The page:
Vacuum breakers and backflow valves are an easy thing to overlook in your restaurant’s kitchen. They are relatively easy to install, and since health inspectors are going to require them, there’s no reason why you shouldn’t take the time to make sure you have some of these simple plumbing parts installed correctly in the right places in your establishment.
First things first: what the heck is a vacuum breaker and a backflow valve? Both prevent potentially contaminated water from flowing back up a hose, faucet, pre-rinse, or toilet fixture and into the potable water system in your restaurant. Waste and sewage water is rich with microorganisms that can quickly infect an entire water supply, and that’s why these plumbing valves are so important.
Vacuum breakers – a rubber diaphragm inside this valve opens when water goes out but seals shut when a faucet is turned off, which prevents a vacuum inside the line to suck contaminated water back up into the plumbing system. Over time this rubber diaphragm wears out and loses its seal. Fortunately this is easy to replace, saving you the expense of ordering a whole new vacuum breaker.
Check with your local health department for a complete list of places where a vacuum breaker is required. The most common fixtures are mop bucket sinks, pot filler assemblies, commercial dishwasher lines, pre-rinse assemblies (in addition to a continuous pressure backflow valve), and toilets and urinals.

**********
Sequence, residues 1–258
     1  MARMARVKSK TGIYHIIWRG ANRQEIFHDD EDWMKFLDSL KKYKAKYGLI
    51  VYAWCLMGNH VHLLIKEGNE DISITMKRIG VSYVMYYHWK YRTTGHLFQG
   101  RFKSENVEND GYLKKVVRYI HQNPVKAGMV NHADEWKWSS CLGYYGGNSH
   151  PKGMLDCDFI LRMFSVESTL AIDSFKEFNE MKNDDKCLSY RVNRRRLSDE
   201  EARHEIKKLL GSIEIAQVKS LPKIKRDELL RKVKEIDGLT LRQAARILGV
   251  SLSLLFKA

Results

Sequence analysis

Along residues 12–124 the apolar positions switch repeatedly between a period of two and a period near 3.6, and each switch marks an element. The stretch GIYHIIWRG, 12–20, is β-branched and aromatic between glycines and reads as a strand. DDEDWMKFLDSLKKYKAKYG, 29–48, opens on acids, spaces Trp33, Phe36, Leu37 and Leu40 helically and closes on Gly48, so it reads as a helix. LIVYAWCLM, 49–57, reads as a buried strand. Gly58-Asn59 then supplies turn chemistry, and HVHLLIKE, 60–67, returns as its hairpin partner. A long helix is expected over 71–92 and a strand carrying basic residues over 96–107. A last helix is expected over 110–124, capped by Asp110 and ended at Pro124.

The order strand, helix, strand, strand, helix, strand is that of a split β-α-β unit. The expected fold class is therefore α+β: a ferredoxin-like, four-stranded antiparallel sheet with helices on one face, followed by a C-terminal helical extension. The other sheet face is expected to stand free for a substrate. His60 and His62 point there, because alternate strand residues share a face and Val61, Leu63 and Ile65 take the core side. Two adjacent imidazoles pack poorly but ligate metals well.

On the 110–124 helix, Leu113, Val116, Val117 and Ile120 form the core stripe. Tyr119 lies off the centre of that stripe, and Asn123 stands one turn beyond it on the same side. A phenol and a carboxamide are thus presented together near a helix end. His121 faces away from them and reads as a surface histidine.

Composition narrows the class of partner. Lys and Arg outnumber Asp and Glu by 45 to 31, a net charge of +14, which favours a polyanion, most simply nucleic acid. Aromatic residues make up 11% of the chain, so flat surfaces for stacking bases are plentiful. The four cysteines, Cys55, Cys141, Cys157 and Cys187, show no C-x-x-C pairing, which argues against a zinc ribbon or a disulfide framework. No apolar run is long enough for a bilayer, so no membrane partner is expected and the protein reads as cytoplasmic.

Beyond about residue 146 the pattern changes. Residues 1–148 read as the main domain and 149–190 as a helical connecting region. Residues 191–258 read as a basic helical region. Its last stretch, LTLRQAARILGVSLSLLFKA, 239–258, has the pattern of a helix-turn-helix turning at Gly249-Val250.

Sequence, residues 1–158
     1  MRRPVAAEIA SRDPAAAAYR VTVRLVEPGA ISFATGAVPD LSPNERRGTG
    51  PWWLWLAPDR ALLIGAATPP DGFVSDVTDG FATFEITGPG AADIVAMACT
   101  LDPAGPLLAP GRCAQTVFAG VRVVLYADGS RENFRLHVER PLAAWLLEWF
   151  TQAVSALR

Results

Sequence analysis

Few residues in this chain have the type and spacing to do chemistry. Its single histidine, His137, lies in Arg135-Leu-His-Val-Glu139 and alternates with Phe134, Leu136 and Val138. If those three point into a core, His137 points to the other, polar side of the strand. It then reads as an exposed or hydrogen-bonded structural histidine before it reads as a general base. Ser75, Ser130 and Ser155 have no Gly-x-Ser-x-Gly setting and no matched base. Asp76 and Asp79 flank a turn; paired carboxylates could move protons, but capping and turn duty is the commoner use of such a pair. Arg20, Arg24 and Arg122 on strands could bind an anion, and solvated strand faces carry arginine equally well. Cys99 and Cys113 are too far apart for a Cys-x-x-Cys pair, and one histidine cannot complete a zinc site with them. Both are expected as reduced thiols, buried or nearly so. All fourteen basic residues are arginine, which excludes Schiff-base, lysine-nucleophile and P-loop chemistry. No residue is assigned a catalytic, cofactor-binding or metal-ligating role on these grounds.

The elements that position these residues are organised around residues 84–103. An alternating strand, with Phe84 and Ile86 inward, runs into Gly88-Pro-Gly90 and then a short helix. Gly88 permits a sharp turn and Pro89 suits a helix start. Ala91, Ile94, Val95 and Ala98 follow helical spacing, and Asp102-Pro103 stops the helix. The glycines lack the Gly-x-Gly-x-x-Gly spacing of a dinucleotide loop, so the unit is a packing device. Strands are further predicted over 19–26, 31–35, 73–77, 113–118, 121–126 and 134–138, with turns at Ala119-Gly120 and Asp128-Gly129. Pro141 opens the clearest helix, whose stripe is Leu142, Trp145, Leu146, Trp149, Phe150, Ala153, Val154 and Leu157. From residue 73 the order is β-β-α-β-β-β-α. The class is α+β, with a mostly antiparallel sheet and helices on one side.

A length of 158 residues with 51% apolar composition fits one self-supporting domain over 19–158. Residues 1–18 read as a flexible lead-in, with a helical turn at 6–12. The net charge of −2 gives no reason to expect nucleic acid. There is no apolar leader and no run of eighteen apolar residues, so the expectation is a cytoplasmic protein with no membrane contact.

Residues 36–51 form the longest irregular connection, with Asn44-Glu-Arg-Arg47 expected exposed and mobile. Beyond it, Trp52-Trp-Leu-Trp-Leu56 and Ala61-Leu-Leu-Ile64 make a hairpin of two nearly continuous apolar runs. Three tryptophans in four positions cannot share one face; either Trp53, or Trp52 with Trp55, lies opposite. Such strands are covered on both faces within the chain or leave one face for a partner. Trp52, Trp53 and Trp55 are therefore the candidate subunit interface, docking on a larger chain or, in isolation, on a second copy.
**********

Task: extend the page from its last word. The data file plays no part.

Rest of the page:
Backflow valves – these metal valves have a spring loaded ball inside that is forced open when water pressure flows out of the line. When a faucet or pre-rinse is shut off, the ball seals shut, preventing any contaminated water from flowing back up the line. A backflow valve is most commonly seen on pre-rinse assemblies and faucets with a hose attachment. Note that most pre-rinses should also have a vacuum breaker.
These simple plumbing parts can play a big role when it comes to passing a health inspection, so make sure your kitchen is up to code. Even more importantly, these valves prevent contaminants from getting into your water supply, which could cause a huge headache down the road. An ounce of prevention is worth its weight in gold when it comes to vacuum breakers and backflow valves.